NEW DELHI — India’s Ministry of Defence has floated a competition for gun/missile systems for the Army. And in a first for the MoD, it is asking domestic companies to participate along with overseas firms.
The domestic defense companies that have been invited to participate in the US $1.6 billion tender have not produced the full gun/missile system, and only by teaming with overseas defense majors would these companies be able to fulfill the demand, private-sector executives here said.
An MoD official said the private companies that have been given the tender already have demonstrated their ability to integrate heavy weapon systems, including Akash missile systems and Pinaka multibarrel rocket launchers.
Defense analysts said the step will lead to more tie-ups between overseas firms and Indian companies.
“This will encourage foreign companies to have genuine collaborations with Indian companies and will lead to more intense partnerships,” said retired Indian Army Col. K.V. Kuber, with New Delhi-based Sugosha Consultancy Services.
“This is the way forward to develop the Indian industry. The type of industrial participation ensuing from offsets is not a very strong arrangement and is limited to the appetite of the foreign [original equipment manufacturers] at whose mercy the Indian partners live on,” Kuber said.
An executive with the Federation of Indian Chambers of Commerce and Industry said the big-ticket offer to domestic defense companies will enable the Indian industry to chalk out its long-term strategy as it competes in future large defense projects.
The competition for the purchase of five regiments —104 systems — of gun/missile systems would replace aging Russian-made Kvadrat systems in the Indian Army.
The domestic companies that received the tender include state-owned Bharat Electronics, Larsen & Toubro (L&T), Tata Power SED, Punj Lloyd, Bharat Forge and ICOMM. No executive from any of the companies would say whether they have the system or how they will produce it.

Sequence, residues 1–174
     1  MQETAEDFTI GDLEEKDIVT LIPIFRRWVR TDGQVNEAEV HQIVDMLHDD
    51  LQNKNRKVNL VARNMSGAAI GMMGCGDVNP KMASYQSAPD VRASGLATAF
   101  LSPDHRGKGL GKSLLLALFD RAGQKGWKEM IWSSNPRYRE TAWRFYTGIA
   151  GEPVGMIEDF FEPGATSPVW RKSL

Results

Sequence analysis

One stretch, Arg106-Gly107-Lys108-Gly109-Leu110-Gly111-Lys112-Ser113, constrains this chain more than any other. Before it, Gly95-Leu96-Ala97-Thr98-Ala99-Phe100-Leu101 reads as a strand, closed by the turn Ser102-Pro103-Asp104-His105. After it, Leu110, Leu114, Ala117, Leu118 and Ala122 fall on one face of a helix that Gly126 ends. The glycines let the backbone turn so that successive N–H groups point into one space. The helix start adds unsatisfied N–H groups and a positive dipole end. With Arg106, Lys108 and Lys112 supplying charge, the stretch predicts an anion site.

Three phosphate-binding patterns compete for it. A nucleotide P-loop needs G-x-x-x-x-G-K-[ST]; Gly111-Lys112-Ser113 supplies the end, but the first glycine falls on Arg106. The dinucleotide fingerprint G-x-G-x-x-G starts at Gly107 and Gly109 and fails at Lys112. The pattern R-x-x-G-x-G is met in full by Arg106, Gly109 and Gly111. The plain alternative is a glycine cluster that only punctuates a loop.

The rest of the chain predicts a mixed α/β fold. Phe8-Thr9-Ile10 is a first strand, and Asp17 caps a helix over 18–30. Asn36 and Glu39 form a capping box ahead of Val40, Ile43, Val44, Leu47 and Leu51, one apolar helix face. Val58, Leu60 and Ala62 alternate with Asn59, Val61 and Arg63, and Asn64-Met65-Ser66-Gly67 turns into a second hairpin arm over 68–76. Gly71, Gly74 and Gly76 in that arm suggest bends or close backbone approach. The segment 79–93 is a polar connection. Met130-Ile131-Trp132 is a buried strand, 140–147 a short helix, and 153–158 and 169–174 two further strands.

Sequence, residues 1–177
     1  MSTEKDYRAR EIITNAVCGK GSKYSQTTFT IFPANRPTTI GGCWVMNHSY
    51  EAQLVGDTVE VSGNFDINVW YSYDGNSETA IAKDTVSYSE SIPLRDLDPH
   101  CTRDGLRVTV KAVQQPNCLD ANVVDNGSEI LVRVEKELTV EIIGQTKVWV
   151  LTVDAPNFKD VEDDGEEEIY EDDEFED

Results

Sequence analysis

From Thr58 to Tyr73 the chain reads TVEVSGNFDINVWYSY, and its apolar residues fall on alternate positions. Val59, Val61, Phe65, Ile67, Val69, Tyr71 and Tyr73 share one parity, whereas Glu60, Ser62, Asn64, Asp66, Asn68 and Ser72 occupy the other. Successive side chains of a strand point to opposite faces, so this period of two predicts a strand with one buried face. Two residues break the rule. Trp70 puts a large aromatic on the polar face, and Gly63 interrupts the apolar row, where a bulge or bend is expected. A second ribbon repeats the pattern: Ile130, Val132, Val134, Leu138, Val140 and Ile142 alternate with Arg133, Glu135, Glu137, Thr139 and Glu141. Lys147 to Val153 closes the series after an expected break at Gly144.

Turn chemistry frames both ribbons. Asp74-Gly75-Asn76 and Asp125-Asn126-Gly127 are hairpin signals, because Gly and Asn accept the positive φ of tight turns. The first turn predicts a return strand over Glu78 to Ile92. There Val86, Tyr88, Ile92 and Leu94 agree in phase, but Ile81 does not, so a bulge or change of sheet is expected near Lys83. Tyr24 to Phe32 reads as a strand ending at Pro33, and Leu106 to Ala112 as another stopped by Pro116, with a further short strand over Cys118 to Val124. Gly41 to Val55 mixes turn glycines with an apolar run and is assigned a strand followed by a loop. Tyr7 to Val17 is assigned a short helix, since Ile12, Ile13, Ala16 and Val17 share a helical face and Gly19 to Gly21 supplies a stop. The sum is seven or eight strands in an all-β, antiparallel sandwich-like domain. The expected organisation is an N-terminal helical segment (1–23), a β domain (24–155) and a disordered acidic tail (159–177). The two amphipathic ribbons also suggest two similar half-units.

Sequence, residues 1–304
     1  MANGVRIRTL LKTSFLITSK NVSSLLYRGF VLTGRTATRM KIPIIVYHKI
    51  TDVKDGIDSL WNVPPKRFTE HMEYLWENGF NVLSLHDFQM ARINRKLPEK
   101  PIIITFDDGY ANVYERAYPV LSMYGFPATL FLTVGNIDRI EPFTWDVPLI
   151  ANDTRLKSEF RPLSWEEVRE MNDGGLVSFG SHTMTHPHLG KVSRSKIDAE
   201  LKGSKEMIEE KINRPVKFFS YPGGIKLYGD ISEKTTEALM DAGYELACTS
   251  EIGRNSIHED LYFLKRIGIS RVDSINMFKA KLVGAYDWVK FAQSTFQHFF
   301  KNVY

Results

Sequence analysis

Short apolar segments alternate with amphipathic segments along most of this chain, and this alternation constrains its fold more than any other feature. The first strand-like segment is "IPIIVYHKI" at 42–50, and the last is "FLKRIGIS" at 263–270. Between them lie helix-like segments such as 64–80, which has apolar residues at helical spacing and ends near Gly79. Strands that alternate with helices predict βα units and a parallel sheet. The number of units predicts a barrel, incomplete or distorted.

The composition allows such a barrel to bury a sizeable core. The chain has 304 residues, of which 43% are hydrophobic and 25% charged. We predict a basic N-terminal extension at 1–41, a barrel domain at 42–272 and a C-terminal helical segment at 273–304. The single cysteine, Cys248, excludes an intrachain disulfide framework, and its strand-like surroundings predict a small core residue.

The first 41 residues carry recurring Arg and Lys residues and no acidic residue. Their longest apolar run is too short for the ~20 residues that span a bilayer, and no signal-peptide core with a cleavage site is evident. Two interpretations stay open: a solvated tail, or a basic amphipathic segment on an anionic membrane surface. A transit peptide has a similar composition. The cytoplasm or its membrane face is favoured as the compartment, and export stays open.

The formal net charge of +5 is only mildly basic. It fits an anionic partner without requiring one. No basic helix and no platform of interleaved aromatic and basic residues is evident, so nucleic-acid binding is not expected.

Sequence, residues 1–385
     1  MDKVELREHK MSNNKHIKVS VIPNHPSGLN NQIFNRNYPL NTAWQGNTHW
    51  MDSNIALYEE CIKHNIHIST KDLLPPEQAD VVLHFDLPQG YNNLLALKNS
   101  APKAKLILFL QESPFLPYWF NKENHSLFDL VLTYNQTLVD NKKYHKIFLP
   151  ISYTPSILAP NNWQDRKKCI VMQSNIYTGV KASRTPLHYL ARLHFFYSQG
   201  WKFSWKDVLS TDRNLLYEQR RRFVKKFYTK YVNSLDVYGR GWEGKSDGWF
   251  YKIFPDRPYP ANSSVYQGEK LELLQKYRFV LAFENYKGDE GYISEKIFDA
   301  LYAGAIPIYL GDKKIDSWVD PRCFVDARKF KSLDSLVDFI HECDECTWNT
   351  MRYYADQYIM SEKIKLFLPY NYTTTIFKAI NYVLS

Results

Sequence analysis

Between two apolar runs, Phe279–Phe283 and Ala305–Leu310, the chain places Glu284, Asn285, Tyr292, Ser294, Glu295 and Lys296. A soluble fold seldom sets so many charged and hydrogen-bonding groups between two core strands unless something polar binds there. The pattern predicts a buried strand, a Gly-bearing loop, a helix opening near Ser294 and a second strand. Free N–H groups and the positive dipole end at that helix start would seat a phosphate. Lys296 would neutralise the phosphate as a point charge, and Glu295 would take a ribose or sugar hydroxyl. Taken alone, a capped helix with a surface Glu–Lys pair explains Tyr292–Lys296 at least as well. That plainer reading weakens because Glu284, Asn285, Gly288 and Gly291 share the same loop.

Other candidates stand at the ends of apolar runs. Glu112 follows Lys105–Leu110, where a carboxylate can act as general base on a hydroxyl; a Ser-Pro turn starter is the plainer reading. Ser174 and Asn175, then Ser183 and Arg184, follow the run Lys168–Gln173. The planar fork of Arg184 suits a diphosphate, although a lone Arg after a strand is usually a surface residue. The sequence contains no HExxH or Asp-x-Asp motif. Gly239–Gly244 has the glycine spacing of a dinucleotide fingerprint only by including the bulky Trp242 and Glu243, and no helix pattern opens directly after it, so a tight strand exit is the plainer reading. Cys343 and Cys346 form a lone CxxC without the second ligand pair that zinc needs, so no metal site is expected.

Rahul Chaudhry, CEO of Tata Power SED, said his company is negotiating with a Western defense company, which he would not identify.
Mukesh Bhargava, head of the international defense and aerospace business of L&T, said it is also in the process of teaming up with overseas defense companies but refused to elaborate.
The foreign competitors receiving the tender are Rosoboronexport of Russia, Bumar of Poland, General Dynamics of the US, Thales of France, Doosan Group of South Korea, Israel Aerospace Industries and Elta of Israel.
The Indian Army wants to procure 4,928 missiles and 172,260 rounds of ammunition under full maintenance technology transfer.
The selected vendor will have to transfer technology for maintenance and lifetime support of the Self-Propelled Air Defence Gun Missile System, along with the missiles and gun ammunition, to state-owned Bharat Dynamics. The maintenance of the guns and ammunition will be done by the state-owned Ordnance Factories Board.
An executive with one of the defense companies competing said it will ask the government to make changes so that the selected vendor will be authorized to carry out the maintenance work.
The MoD official said the government wants the Indian private-sector companies to participate even in production and maintenance of the systems but declined to say if it will allow domestic companies to carry out the maintenance work.
The proposed weapon system would be a mix of guns and missiles mounted on one or separate high-mobility vehicles. The tender requires that the gun and the missile should be able to engage aerial targets with and without the use of a fire-control radar. The gun should have a range of 2,500 meters and the missile should have a range of six kilometers. The radar should be capable of 360 degrees surveillance, target detection, acquisition and tracking.